We’re at the Fort Wilderness Campground at Disney for a week.  This is a big step for Everett & I as we 1) don’t like kids, 2) don’t like to be in crowds of people, 3) are not fond of using public transportation (i.e. not being in control of the ride), and 4) aren’t really “Disney People”.  We define “Disney People” as those who decorate their RVs with Disney lights, signs, and mouse ears.  Every T-shirt they own is Disney licensed.  These are the folks who start wearing their Disney Santa Hats with mouse ears on December 1st.  There are a LOT of those people here.  You should see the Christmas lights!!!  (no, we didn’t get any pictures last night, but we will, we will)

So . . . we will struggle to stay on our Fast Pass schedule and not snipe at the parents of crying children.  Or barking dogs – during Tyler’s dog walk last night one lady shouted over the hysterical yapping of her Tibetan Spaniel that “he doesn’t like other dogs, but he’s lovely with just people.”  Who could tell?

Everett promises not to be crabby about the sounds of fireworks from 3 different parks after 9pm.  I promise not to give parenting advice to anyone, regardless of how they’re struggling.  We both promise to make an effort to have a good time.  I booked this trip and I’m GOING to have FUN.  Can you tell I’m up too early?  Our breakfast reservations are for 8am.  Ugh.  I’m sure it will be an incredible, enchanted, happy, happy day!  But I’ll keep you posted.


The Big Picture & The Small (REDUX)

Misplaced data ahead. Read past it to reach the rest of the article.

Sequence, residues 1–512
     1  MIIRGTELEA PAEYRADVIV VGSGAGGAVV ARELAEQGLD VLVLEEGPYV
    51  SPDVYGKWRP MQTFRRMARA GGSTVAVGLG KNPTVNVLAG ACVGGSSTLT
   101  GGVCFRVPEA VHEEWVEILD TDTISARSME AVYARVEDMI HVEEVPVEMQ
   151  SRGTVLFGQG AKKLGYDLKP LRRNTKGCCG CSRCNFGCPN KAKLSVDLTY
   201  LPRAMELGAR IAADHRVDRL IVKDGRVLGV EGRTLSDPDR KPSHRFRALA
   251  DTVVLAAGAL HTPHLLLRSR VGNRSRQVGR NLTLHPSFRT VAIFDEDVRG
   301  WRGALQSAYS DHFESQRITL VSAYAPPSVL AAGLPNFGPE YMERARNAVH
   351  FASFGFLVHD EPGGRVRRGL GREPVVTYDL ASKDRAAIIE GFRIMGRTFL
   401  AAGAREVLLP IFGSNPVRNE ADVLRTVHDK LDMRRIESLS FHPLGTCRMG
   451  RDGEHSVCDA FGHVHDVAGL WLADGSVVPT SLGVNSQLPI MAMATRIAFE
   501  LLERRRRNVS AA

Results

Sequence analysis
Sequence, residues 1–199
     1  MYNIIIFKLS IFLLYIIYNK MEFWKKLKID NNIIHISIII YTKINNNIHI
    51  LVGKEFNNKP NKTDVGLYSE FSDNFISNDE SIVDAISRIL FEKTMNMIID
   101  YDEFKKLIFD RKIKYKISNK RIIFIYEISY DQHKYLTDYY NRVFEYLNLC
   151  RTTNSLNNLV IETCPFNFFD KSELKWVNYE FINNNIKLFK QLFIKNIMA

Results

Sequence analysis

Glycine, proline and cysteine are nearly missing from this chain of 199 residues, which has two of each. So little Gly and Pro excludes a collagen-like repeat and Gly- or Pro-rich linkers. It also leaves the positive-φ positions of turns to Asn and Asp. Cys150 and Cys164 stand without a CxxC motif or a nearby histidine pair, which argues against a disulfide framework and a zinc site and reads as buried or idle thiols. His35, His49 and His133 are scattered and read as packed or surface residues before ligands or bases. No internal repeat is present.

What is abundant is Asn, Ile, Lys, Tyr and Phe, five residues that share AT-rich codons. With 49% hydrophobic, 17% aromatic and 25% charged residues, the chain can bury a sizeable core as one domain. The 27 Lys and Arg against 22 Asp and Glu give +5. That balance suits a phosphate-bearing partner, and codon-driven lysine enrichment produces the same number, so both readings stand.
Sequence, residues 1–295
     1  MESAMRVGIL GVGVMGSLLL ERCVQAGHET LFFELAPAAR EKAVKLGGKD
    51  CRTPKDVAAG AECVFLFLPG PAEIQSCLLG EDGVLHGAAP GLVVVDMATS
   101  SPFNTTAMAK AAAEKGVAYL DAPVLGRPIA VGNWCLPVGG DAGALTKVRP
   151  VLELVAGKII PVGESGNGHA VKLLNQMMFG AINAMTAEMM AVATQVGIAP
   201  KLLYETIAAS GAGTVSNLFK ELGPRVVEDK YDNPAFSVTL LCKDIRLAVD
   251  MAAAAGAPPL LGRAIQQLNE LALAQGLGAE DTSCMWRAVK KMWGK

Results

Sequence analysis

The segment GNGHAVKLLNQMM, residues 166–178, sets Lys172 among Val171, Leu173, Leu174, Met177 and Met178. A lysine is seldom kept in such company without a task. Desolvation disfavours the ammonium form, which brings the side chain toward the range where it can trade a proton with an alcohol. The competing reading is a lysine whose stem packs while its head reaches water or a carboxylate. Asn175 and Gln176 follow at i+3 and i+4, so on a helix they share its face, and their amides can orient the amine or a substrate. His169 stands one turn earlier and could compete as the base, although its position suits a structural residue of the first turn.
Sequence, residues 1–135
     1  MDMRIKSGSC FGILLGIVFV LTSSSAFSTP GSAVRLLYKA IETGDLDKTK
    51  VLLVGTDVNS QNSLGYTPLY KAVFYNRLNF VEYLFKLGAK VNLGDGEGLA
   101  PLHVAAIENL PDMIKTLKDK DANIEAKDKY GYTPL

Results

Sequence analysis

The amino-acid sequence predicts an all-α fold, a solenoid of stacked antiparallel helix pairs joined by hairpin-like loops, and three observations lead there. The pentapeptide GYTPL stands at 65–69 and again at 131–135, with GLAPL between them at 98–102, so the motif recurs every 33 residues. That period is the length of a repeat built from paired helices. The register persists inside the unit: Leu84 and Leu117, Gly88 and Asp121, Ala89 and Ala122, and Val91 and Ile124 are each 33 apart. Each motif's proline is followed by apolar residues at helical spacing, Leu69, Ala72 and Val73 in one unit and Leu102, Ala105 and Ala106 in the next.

Happy summer!  It’s been far too long since I wrote to you, my friend, but working at a campground means that July is VERY BUSY.  Everett and I have been working opposite shifts and barely even seeing each other.  The camp is full of folks with questions and problems and issues needing resolution, and the phone has been ringing off the hook with more reservations and . . . well, folks with questions and problems and issues needing resolution.  I was beginning to get into a downward spiral of frustration with the general idiocy of city folk coming to the country for 3 days.  Then I realized that I was missing The Big Picture.

As you know, I am generally a small picture sort of person.  I love the minutia, the details, the small peripheral moments that – for me – make life a rich tapestry.  But sometimes (like July in a campground) you have to step back from those to look at what’s happening OVERALL to appreciate the full fabric of this wonderful world.

For example – An irritable woman arrived at the front desk around 8:30pm one evening.  Her family was already in camp, but she’d had to work later than expected and drive alone from Boston to join them.  It was hot.  She was alone.  She was tired, but still cranked from her day of work and traffic and worry.  She snapped at our staff and tried to hurry us through our (admittedly tedious) procedure of issuing her gate pass.  She snatched it from my hand when it was ready and was out the door before I could explain how to use it.  No surprise then, that when she tried to go through the gate it wouldn’t open for her.  She honked her horn and screamed out her car window as  I walked the 50 feet or so to the gate to help her.  “It doesn’t work!” is about the only thing she said that I can repeat here.  I took the pass and scanned it for her and the gate readily popped open.  She took a deep breath and I was sure I was in for more screaming.  But that tired, tense, anxious and frustrated woman simply took another deep breath and said, “Oh.  I moved too fast – it has to be done in CAMP TIME.”